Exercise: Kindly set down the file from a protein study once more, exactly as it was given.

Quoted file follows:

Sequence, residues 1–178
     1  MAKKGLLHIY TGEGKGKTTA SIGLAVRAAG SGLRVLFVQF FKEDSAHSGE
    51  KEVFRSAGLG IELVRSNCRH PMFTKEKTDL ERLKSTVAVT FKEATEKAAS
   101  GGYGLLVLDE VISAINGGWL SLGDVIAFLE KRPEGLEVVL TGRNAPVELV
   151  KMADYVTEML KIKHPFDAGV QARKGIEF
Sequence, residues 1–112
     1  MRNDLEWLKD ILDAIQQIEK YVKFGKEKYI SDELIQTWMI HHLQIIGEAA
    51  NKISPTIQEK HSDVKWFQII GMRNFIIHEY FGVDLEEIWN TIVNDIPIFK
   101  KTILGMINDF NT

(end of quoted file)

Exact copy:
Sequence, residues 1–178
     1  MAKKGLLHIY TGEGKGKTTA SIGLAVRAAG SGLRVLFVQF FKEDSAHSGE
    51  KEVFRSAGLG IELVRSNCRH PMFTKEKTDL ERLKSTVAVT FKEATEKAAS
   101  GGYGLLVLDE VISAINGGWL SLGDVIAFLE KRPEGLEVVL TGRNAPVELV
   151  KMADYVTEML KIKHPFDAGV QARKGIEF
Sequence, residues 1–112
     1  MRNDLEWLKD ILDAIQQIEK YVKFGKEKYI SDELIQTWMI HHLQIIGEAA
    51  NKISPTIQEK HSDVKWFQII GMRNFIIHEY FGVDLEEIWN TIVNDIPIFK
   101  KTILGMINDF NT